stop worshipping spirits, have religion and stop their
daughters marrying at 14 or 15," said Ta-wye. Somsee
Karunawong, a convert working for Operation Dawn, a
Christian drug-rehabilitation foundation that claims not
to proselytize, firmly supports conversion.
a missionary the priority should be to help people
become Christians because then they will be blessed and
good things will come. The problem with missionaries in
the past is that they focused too much on development
and did not pay enough attention to people's spiritual
well-being. Consequently, some people returned to their
old beliefs," she said.
According to Ta-wye,
customs justify conversions. "For example, years ago in
many villages, girls about to get married would have to
sleep with the village witch doctor, who is also the
Similar practices are not uncommon
among traditional societies stretching from Africa to
the Pacific. But who is to say what is right and wrong
within a cultural context? Such judgments, many would
argue, are should not be made by missions but by the
government, widely consulting impartial anthropologists,
doctors and sociologists.
divided Proponents argue that missions save lives
because conversion dispels deadly taboos. Yet such
practices have already been curbed by dogged, respectful
savoir-faire. Today Akha parents often give twins to
different villages rather than killing them as was
tradition, says Chiang Rai Senator Duangjai Deetes, who
has worked with highlanders since the 1970s.
Such activities and arguments damage those
missionaries who respect local wisdom and work hard to
ease the hardships of life thousands of feet up mountain
ridges. Complex customs, integral to highland societies,
should be esteemed rather than dismissed by those
foisting their beliefs on others. Their loss weakens
"In Lokyo, an Akha village, the
community was very strong when they followed traditional
religion. When many missionaries came to the village,
like Christian, Muslim and Kuan-In, the community became
divided. A local medicine woman, visiting one night to
treat a sick lady, was very saddened when she saw so
many beliefs - she said the village's heart was broken,"
Missionaries are not acting
alone. Many Western tourists hand out sweets to
highlanders and have been seen trying to explain a
dosing regime for medicine to villagers, without a watch
among them, in northern Laos. Their ignorance erodes
hardy highlanders' self-sufficiency by provoking demands
for junk foods and Western medicine that requires money,
which has to be earned, compromising independence, while
disparaging traditional medical wisdom, a likely trove
of new medicines.
provoke conflict, further weakening the solidarity of
highland peoples. "Four years ago, to end disputes
between traditional beliefs and old Christian families
in the village, the elders decided Christians must move
to a Christian village. People felt their traditions
were under threat from Christians' new activism. This
conflict was caused by the intrusion and activities of
missionaries," said Wirote Wisetrilairat, an Akha law
student at Mae Fah Luang.
Events in Wirote's
village mirror McDaniel's observations. "Traditional
Akhas will allow a few Christians in their village. But
the Christianized villages will not allow any
traditional Akhas to remain."
friction threatens families and even leaves individuals
confused. "I'm officially a Buddhist, as I don't want
any problems with my family or the villagers. But
actually I believe in God," said Wirote.
Fundamentalist Muslim missionaries grate too,
sowing discord with their uncompromising demands and
secretiveness, said Ralana, contrasting them with
traditional Muslims, who have lived harmoniously beside
other religious communities in northern Thailand for
Modernity gives rise to
materialism, money Religion's firebrands are but
one negative aspect brought on by the uninvited
intrusion of modernity. "It's not just religion, but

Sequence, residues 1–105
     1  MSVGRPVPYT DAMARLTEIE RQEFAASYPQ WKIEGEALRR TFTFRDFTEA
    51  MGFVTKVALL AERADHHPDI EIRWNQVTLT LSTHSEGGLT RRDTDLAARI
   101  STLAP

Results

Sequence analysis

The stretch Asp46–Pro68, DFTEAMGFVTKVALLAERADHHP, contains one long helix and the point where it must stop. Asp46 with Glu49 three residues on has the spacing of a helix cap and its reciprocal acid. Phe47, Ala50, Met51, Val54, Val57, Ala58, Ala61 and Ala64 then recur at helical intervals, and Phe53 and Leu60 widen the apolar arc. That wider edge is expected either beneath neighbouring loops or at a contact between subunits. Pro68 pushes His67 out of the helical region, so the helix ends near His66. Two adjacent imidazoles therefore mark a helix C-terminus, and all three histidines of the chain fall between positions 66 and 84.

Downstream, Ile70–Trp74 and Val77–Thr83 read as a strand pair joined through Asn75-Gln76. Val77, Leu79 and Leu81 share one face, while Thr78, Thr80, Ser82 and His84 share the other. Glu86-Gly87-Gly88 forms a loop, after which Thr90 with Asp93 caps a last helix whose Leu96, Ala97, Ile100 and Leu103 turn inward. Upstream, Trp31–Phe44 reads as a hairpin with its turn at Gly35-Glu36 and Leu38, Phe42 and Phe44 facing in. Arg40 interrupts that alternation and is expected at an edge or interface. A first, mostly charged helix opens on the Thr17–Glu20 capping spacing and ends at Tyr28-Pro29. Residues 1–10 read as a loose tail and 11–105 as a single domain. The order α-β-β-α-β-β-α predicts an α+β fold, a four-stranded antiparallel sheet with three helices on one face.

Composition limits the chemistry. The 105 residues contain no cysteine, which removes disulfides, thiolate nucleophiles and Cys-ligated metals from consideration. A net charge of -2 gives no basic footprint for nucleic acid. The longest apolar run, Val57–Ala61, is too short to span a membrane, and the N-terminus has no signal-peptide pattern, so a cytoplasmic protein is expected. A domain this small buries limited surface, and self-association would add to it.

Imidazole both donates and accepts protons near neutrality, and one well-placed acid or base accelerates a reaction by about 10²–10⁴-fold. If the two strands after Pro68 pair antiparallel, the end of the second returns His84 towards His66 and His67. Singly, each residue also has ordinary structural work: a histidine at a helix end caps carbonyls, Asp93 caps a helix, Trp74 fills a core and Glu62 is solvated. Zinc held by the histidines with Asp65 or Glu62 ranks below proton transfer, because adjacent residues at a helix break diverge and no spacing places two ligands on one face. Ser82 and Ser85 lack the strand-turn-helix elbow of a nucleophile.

mainstream materialism and money that are destroying
tribal society and culture that lives, by and large, in
harmony with nature. Government policies and education
are also pushing mainstream materialism," said Duengjai,
who has witnessed similar effects on rural and
indigenous peoples worldwide.
Events in Chiang
Rai are in essence the end of a game played out
worldwide since the dawn of modern man in which one
culture triumphs over another, leaving only its
artifacts and inscriptions for archeologists to puzzle
over. Today, traditional cultures' importance is well
recognized. Sadly, society struggles to preserve ancient
and medieval cultures while helping them enjoy
Given missionaries' zeal,
the prospects for giving tribal peoples a real choice,
perhaps even saving their culture, look bleak. "I think
it's possible that in a decade all the young people will
be Christian, as the cold Buddhist traditions are
complicated and take up a lot of time. Christianity is
easier, simpler. Missionaries are visiting increasingly
frequently to hand out brochures about Christianity,"
Only the government can control
missionaries. That investigations are under way suggests
that restrictions and close monitoring could follow. But
it may be too little, too late.
force the missionaries to channel their not
inconsiderable funds to established, experienced
charities in Thailand such as the Population and
Community Development Association, the Thai Red Cross
and Oxfam - an efficient and sensible option if their
concerns really are for highlanders' welfare.
Critics say there is no good reason for
missionaries' troublesome mixing of aid work and
religion. Poor, uneducated people are easy victims for
political agendas. "There ultimate aim is to control the
Akhas in Thailand, Laos, China, Vietnam and Myanmar,"
said McDaniel. "If you are an astute observer, you can
see the political, ethnic and social events that are
happening over religion, religion being used as a
political tool, there is a basis for a war here."
An extreme prediction, perhaps, but with
hardline Christians and Muslims cracking communal
harmony, it is not unconceivable, although unlikely for
now, that green lines could one day divide villages
should religious friction burn into violence.
Even stopping missionaries will not derail
modernity's charge through these communities, and nor
should it. "Change is nature. Nothing can be stable. But
change needs to occur with understanding of materialism,
preserving deep cultural roots while only taking what is
needed from globalization," said Duengjai.
Highlanders have as much right as anybody else
to good hospitals and schools. But to save their culture
from the changes and choices swamping them, they need
knowledge. If society fails to provide that, it will
stand guilty of passively supporting cultural cleansing.
A great loss for civilization indeed.